Posted: Jul 29, 2013 9:00 AM
 
We're often told not to compare our children, but is it really that bad? A mom of two explains why she frequently compares her sons and how that helps her become a better parent.

From the earliest stages of pregnancy on, we're bombarded with recommendations and guidelines. Everyone has an opinion on how to be a good parent. One guideline that always stuck with me was not to compare kids. It was never really clear to me why that was bad, but I hung onto the notion stubbornly. I felt guilty every time I compared them — until I discovered the merits of making comparisons.

Comparisons can't be avoided

At that moment, as he latched on instantly and more easily than his brother ever had, I began comparing my kids.

My first son was an easy newborn. He was difficult to breastfeed, but he slept well and he was generally easy going. It wasn't until early toddlerhood that he started to skew toward high maintenance. Suddenly I was dealing with a severe peanut allergy and unsettling behaviors that eventually led to an autism spectrum disorder diagnosis. I spent my entire second pregnancy stressing out about my 2-year-old. It wasn't until I put my second son to breast directly after delivery that he felt real. At that moment, as he latched on instantly and more easily than his brother ever had, I began comparing my kids.

Comparing is natural

For a while, I compared my kids in superficial ways that felt harmless. I'd line their baby pictures up side by side to see how similar they looked. Years later, I recognize this behavior as a natural way of differentiating between my kids, of discovering their unique personalities and traits from the start. No two children are the same, and comparing them helps you build a framework to make distinctions. As my second son developed, I couldn't help but define him by the ways he differed from his brother. Darker eyes. Softer hair. Easier to feed. More reluctant to speak.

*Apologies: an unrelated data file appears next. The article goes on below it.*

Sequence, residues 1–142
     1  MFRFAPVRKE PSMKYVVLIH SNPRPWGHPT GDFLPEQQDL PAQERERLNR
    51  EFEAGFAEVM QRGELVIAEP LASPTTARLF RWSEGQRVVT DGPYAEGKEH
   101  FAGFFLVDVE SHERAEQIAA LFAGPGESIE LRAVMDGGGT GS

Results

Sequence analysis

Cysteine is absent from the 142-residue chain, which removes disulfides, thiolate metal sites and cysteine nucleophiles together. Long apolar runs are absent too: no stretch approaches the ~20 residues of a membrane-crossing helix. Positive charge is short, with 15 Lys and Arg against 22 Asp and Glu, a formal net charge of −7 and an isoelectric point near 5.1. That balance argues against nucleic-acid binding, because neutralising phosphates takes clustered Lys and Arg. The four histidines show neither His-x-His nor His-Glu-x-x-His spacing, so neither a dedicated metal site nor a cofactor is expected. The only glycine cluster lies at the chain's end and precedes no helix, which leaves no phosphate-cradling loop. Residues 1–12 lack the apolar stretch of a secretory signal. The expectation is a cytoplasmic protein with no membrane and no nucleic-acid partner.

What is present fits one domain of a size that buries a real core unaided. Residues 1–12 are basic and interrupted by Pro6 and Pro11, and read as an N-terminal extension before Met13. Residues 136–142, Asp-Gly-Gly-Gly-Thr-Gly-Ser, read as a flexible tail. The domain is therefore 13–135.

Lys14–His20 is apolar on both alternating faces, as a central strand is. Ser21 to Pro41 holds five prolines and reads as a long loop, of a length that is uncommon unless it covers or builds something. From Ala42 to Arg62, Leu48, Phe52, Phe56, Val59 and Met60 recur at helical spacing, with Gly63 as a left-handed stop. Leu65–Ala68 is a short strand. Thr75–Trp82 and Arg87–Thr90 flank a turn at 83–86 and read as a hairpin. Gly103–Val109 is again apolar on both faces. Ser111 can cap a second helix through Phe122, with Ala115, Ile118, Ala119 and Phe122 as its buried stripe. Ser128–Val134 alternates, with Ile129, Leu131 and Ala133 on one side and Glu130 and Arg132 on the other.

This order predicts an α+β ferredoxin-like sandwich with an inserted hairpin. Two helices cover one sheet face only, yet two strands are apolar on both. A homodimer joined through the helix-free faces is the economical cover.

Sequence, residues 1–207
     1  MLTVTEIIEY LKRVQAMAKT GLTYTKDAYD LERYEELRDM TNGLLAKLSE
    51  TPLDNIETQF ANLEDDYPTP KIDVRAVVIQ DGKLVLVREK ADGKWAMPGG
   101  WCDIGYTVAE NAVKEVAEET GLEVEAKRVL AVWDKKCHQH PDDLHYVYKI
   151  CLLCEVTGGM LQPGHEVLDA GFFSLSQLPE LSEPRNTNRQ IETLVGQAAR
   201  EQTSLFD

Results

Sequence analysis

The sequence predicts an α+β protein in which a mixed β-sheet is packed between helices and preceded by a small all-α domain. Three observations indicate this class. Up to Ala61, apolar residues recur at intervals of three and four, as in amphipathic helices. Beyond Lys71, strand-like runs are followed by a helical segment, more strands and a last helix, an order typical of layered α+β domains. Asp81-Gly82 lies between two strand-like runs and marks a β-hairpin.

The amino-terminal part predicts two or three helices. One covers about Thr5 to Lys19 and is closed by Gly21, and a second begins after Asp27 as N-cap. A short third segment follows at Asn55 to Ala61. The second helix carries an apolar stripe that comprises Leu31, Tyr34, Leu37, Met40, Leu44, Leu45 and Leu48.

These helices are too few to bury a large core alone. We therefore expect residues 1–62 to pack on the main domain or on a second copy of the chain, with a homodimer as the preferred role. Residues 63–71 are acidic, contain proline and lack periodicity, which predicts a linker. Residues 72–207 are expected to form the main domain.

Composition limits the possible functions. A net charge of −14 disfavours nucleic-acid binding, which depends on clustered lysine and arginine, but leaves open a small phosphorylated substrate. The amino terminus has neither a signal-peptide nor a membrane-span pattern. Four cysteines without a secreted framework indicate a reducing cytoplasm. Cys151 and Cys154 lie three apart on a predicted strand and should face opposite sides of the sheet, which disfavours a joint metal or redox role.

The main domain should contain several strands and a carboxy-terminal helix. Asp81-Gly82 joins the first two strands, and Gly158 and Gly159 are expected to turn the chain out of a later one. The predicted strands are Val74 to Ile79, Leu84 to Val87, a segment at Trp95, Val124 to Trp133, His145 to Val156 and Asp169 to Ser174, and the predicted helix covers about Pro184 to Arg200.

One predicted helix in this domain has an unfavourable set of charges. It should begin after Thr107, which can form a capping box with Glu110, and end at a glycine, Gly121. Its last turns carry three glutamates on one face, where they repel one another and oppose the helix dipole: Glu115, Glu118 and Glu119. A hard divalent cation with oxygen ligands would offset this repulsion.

Comparing doesn't mean competing

Siblings don't need encouragement to develop rivalries. It's not unreasonable to worry that drawing comparisons might foster a sense of competition. As you think about your kids in terms of how they are similar and different, avoid sharing those observations with them. When I drop my younger son off at school and acknowledge how much easier it is to parent a kid with no allergies, I don't say that to my older, allergy-ridden son. I don't tell my younger son that his brother learned to recognize letters and words at a much earlier age. I recognize that natural observations could be perceived as judgment by my kids.

It took a while, but I've learned that it's OK to acknowledge when one kid is more challenging than the other — just as it's OK to admit when aspects of parenting are hard or downright suck.

Comparing makes you a better parent

When you compare your kids, it helps you see their strengths and weaknesses. My kids are very different. My experiences with each shape the way I understand parenting. I don't take for granted the ways in which either of them is “easier.” At times, each of them has presented unique challenges. It took a while, but I've learned that it's OK to acknowledge when one kid is more challenging than the other — just as it's OK to admit when aspects of parenting are hard or downright suck. In light of those low moments, the everyday routine isn't so draining and the especially good times are more joyful. Life is more vivid with contrast.

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